Comments

  1. BobC562 says

    Are the defendants’ lawyers that stupid? Post-trial briefs have to argue the law based upon the evidence admitted at trial. I don’t remember there being any such evidence, unless I missed it or it was unreported, that would support these claims. This goes beyond desparate.

  2. John says

    I am glad to see Bill Moyers finally coming around on this issue. He’s a devout Christian and was, for many years, one of the few liberal stalwarts who did not endorse LGBT rights. Or even talk about it on the air for that matter.

  3. Julia says

    I’m sorry — but I need to correct you. This was not a special. It was just another standard episode. Source: I’m an associate producer for Bill Moyers Journal.

  4. says

    I hope I’m wrong, but watching that episode of “Billy Moyers’ Journal”, I really didn’t get the impression that Moyers was a supporter of marriage equality. His repeated questions implying that the public has a right to vote up or down on the issue made him sound like a bigot.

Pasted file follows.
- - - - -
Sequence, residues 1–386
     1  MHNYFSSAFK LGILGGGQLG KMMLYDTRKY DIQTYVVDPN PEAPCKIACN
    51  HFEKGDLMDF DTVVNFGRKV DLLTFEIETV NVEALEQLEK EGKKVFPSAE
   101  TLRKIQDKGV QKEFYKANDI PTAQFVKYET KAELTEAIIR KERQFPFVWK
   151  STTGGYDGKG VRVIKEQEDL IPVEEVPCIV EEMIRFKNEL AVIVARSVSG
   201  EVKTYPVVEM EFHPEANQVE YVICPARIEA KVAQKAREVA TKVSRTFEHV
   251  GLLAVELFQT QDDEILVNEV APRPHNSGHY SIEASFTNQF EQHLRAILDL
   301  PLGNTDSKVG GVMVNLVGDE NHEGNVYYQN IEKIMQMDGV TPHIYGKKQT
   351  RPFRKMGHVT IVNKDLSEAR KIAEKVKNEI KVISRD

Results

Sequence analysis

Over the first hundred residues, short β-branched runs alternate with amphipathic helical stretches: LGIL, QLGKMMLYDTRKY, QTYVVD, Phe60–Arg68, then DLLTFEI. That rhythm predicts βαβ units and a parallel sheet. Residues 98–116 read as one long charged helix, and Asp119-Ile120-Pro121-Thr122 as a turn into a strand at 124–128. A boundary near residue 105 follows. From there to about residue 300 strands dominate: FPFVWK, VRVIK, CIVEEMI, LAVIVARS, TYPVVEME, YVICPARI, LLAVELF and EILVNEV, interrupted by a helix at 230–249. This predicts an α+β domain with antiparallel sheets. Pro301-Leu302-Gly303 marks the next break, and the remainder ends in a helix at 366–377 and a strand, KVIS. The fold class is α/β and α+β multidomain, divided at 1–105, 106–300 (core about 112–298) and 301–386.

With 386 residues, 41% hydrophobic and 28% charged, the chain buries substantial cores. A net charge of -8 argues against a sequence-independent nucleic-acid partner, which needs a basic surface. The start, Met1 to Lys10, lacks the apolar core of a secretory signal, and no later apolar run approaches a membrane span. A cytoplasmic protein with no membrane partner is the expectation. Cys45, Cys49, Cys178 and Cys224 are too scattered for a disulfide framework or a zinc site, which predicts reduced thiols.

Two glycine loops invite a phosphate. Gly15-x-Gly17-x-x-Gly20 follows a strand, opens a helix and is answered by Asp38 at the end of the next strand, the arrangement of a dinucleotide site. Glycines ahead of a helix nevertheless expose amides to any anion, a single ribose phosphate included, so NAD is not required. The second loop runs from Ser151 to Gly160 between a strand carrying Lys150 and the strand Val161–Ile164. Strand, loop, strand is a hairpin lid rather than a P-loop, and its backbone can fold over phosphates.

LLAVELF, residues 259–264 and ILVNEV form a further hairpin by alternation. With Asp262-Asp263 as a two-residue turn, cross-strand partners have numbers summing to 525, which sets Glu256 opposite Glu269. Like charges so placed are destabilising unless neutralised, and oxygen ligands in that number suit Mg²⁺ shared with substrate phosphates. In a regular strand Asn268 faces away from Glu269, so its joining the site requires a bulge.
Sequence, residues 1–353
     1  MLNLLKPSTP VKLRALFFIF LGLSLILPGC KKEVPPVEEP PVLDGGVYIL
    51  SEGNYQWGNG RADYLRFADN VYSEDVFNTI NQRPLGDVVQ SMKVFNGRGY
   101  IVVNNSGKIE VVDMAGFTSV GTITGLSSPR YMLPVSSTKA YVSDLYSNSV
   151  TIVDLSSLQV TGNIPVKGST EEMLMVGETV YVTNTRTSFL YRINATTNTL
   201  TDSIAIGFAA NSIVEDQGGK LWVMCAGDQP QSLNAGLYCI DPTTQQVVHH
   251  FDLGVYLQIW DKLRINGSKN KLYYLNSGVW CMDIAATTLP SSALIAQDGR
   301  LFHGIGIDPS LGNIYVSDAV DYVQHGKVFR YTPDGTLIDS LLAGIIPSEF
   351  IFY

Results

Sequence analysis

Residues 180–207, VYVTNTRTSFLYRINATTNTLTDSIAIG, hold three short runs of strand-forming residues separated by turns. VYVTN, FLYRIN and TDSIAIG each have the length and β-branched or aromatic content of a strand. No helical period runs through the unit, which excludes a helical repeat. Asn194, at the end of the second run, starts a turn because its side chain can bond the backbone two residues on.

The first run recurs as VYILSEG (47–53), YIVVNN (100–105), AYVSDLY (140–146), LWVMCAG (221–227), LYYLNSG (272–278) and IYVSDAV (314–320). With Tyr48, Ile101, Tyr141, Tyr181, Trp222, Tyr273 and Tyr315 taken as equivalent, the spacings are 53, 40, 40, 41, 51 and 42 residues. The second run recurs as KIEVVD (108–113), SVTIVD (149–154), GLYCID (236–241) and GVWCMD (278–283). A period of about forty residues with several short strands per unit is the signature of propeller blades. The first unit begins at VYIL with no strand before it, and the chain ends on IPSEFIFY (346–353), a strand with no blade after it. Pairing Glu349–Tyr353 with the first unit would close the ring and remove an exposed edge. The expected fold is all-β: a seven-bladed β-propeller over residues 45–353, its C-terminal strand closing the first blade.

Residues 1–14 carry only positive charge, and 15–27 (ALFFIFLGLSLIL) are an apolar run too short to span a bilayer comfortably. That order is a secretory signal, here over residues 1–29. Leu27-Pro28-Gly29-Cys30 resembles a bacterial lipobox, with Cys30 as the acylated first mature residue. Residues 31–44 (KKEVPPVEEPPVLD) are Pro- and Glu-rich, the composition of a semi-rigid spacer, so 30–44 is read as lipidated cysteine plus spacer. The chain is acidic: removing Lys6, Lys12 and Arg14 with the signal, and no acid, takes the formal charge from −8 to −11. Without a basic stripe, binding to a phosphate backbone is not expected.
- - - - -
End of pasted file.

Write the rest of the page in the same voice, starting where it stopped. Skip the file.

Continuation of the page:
5. John says

    Because the Focus on the Family types weren’t invited, somebody had to bring up the opposing argument. Otherwise the show would be terribly dull and masturbatory.

    And I think Moyers asked that question repeatedly because the California Supreme Court said in 2009 – quite explicitly – that the people have the absolute right to define marriage as they see fit. Although this case is not a direct appeal of that decision, Olson and Boies are essentially seeking to overturn the California high court’s rationale with the federal constitution’s equal protection clause as the lynchpin.

  6. Marco Luxe says

    To John 3/1 5:37
    You completely mischaracterize the California Supreme Court’s Prop 8 decision. In the terms you use, the court said that the people can retain traditional nomenclature but only if there is an equal allocation of underlying rights. Civil Unions must = marriages with the exception of legally “irrelevant” nomenclature. I strongly disagree with their ruling as it historically has been proven untenable. But their ruling was essentially “equal protection means equal rights for all…except for the use of certain words.” The Cal Supremes will soon rue this embarrassing decision.

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